“‘And now I pray, O God of Israel, let Your word come true, which You have spoken to Your servant David my father. “But will God indeed dwell on the earth? Behold, heaven and the heaven of heavens cannot contain You. How much less this temple which I have built! Yet regard the prayer of Your servant and his supplication, O Lord my God, and listen to the cry and the prayer which Your servant is praying before You today: that Your eyes may be open toward this temple night and day, toward the place of which You said, ‘My name shall be there,’ that You may hear the prayer which Your servant makes toward this place. And may You hear the supplication of Your servant and of Your people Israel, when they pray toward this place. Hear in heaven Your dwelling place; and when You hear, forgive.’” – 1 Kings 8:26-30 [NKJV]
This dedication speech of Solomon is one that has influenced me the most, together with Paul’s speech on Mars Hill, in Athens. Paul states the same thing that Solomon is saying here in 1 Kings. Paul says:
“God, who made the world and everything in it, since He is Lord of heaven and earth, does not dwell in temples made with hands. Nor is He worshiped with men’s hands, as though He needed anything, since He gives to all life, breath, and all things.” – Acts 17:24,25 [NKJV]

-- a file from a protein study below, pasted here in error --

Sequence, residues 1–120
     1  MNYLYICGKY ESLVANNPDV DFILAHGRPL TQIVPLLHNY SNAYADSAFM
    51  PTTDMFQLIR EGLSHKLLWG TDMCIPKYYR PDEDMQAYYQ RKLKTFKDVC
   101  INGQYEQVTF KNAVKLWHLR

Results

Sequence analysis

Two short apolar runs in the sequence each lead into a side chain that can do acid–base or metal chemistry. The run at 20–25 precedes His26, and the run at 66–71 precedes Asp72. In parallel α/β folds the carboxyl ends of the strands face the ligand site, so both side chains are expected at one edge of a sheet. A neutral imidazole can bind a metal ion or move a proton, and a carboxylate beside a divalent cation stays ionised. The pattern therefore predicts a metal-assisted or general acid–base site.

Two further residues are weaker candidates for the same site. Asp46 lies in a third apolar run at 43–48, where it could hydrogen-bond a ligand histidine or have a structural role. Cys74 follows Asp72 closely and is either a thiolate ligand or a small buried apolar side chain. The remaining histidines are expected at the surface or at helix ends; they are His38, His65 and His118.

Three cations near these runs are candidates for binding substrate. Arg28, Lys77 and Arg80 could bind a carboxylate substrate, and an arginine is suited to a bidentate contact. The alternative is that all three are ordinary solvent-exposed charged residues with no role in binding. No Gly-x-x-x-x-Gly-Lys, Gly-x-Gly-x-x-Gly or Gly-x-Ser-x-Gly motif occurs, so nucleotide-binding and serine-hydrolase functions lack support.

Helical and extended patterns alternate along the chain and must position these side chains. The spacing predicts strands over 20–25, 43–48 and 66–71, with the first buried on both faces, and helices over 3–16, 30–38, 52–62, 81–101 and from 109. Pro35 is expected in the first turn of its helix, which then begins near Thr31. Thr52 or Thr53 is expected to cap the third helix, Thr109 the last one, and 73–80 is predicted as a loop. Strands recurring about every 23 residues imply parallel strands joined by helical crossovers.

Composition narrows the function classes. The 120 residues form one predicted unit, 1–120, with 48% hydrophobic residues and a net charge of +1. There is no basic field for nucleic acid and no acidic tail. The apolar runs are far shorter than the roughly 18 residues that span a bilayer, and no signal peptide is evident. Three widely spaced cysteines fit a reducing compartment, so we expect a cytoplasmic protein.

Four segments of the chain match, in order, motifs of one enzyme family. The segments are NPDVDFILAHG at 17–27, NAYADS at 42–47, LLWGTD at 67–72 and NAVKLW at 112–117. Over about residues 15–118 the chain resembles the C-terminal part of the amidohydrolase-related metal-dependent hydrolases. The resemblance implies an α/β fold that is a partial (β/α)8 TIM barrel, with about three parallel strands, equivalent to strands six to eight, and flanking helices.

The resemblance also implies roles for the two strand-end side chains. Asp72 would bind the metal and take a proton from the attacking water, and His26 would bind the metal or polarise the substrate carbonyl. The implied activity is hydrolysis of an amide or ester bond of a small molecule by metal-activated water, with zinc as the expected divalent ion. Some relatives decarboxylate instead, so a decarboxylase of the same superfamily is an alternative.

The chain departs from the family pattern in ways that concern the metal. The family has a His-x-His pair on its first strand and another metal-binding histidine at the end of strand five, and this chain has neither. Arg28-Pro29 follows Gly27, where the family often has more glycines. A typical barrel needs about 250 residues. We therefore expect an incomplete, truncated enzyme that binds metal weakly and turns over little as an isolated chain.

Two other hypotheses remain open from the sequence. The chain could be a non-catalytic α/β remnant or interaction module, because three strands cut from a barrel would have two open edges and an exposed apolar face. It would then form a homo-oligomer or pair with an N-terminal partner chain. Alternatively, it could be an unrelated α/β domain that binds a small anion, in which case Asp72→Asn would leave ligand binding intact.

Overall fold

This is a lesson that all of us, Jews and Messianic Jews, and Christians of all denominations, must know this truth that both Solomon and Paul and the prophets of Israel (see Isaiah chapter 1) knew. The Tabernacle built in the wildness with all of its intricacies and detailed instructions was built for the people of Israel. The Lord was above it as a pillar of fire by night and cloud by day, not inside of it.
It is idolatrous to think that church buildings or synagogues are the house of God, no they are houses for us, for us humans to have a place that is sanctified by God for His children to gather and to serve and to proclaim His goodness and mercy for all!
The individual, the community, is where God dwells. In the hearts of the people and within the anointing of the Holy Spirit is the place that God dwells as the Torah said,
“And let them make Me a sanctuary, that I may dwell among them.” – Exodus 25:6 [NKJV]
I urge you to read the Torah portions and the prophets, and from the New Testament every week. The choice of texts is based on the relationship between these texts, and the relationship of the texts with each other, Torah, Prophets and the New Testament, makes the picture complete.
This article originally appeared on Netivyah and reposted with permission.